- On July 4, 1942 – after a 250 day siege – Sevastopol fell to the Germans, but cost them 25,000 dead and 50,000 tons of ammunition.
- Hitler and his generals were still convinced victories would end the war and bring successful negotiations; Operation Blue was designed to seize Stalingrad, defeat the Soviet Army’s reserves, and capture the all-important oilfields. Moscow was not an objective.
- By early summer 1942, Russian had 5.5 million troops and their industrial output was producing 13.5 million tons of steel and huge numbers of planes, tanks, and other weapons.
- Operation Blue launched on June 28, 1942, with 3.5 million German troops, supported by an additional million Axis-friendly troops from other European countries.
- Toward the end of July, although over 700 miles from the oilfield objectives, Hitler declared Operation Blue complete and victorious. All the army had to do? Capture Stalingrad, a guarding Russian city on the Volga River.
- On September 12, 1942, the first German troops entered Stalingrad after a significant bombing and battle, following a delay from lack of fuel and shifting of troops to other fighting lines. Brutal street fighting ensued.
- The siege of Leningrad also continued, and in August, the Germans launched another offensive rather than waiting in siege conditions; however, by January 1943, the Russians had broke the supply blockade around this city by taking a key location.
- Operation Mars – started on November 25, 1942 – when the Russians attempted to envelop the German Ninth Army; the attempted failed, costing 100,000 Soviet lives.
- German armies were encircled or forced to retreat, leaving Stalingrad to its embattled fate; they retreated under attack and not well supported by the Luftwaffe.
- By 1943, Soviet armies pushed forward, driving back German forces and recapturing significant amounts of territory; the Russians had outproduced and outenlisted their enemy, forcing the beginning of victory by sheer logistics.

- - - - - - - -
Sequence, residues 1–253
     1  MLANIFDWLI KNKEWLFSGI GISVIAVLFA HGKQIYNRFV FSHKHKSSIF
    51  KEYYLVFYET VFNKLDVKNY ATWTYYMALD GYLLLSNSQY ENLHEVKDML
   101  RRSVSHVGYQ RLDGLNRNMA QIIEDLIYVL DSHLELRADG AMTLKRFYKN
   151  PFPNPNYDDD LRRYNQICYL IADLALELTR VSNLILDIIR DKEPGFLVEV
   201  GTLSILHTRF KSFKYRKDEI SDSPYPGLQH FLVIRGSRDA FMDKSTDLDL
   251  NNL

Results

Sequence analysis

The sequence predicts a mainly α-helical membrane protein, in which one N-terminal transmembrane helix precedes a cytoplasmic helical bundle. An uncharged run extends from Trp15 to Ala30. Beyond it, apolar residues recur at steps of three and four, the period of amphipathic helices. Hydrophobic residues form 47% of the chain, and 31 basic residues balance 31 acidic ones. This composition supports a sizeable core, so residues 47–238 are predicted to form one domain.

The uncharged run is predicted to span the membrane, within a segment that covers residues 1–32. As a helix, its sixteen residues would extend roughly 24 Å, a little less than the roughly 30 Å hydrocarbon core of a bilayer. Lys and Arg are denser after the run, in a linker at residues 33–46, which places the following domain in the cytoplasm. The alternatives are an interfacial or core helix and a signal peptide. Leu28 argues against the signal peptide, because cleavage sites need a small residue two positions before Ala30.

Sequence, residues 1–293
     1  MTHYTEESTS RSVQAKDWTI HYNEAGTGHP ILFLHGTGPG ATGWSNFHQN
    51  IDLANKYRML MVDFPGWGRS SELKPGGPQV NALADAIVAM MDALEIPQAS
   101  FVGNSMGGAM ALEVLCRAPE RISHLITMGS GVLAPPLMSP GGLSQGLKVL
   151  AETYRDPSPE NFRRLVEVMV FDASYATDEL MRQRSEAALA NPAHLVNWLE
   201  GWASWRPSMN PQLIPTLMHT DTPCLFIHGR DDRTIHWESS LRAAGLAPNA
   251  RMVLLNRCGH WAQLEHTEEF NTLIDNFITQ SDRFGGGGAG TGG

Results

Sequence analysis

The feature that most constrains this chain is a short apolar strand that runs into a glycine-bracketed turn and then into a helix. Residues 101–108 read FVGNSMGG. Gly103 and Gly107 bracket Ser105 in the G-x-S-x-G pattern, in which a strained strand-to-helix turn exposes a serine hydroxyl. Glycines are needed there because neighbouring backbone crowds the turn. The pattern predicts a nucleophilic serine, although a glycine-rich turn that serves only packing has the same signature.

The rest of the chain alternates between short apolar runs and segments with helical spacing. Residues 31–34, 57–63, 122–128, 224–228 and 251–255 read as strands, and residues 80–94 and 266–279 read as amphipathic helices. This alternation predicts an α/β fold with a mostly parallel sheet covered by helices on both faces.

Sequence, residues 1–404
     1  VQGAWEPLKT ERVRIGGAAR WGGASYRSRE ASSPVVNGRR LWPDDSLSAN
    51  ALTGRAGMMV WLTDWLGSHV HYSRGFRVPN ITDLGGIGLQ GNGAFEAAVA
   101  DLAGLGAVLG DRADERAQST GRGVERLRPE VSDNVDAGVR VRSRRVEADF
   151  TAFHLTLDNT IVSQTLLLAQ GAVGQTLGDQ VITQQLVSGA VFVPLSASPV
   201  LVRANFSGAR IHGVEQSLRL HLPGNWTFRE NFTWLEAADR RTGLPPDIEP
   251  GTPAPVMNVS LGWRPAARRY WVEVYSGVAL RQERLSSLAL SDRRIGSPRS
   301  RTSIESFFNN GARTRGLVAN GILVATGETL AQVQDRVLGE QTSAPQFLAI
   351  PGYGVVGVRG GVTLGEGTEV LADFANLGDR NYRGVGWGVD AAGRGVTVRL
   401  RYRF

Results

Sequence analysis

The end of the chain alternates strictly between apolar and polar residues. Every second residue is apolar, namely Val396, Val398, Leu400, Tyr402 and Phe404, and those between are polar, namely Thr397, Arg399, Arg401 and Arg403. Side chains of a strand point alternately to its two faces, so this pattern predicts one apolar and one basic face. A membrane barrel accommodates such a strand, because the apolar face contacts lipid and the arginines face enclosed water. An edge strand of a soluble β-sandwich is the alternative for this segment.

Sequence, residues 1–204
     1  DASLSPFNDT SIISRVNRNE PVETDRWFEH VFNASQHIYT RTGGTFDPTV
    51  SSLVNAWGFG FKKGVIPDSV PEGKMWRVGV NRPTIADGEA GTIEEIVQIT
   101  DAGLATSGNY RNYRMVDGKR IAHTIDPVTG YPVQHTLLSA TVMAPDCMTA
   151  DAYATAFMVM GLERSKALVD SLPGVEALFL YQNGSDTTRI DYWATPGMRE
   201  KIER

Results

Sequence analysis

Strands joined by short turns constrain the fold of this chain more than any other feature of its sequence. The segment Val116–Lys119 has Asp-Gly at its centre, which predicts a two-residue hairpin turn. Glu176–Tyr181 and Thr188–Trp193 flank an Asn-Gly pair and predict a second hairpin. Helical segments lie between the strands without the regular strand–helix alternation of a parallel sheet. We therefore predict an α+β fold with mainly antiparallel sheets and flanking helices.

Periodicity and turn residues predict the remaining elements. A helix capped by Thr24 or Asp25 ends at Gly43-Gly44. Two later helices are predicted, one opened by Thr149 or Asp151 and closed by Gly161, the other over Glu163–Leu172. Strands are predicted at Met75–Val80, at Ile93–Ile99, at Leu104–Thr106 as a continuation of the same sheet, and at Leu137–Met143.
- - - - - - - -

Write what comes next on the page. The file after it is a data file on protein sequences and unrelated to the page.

Quote of the chapter: “The chronic tendency to underrate enemy capabilities is gradually reaching grotesque proportions. ” German General Hadler. (page 300)
I was surprised to see the numbers and learn how much Allied shipping arrived at its intended destination, despite the U-boat attacks. For some reason, I’d had the impression that the losses were much higher. Always good to get the correct facts!
In Chapter 12, it was interesting to see the comparison numbers of industrial output for Germany and Russian. By the end of 1942, the Russians were outproducing the Germans and turning out significantly better weapons technology; though the Germans continued to have better battlefield tactics, Russia owned the logistics.
Also, the section about Russians’ renewed interest in religion and faith when Stalin eased the religious restrictions was insightful. Historically, people often turn to religion and faith in times of crisis.
What historic facts or quotes really stood out to you? Share your thoughts and findings in a comment if you’d like.
P.S. Read Chapters 13-14 to get ready to next week…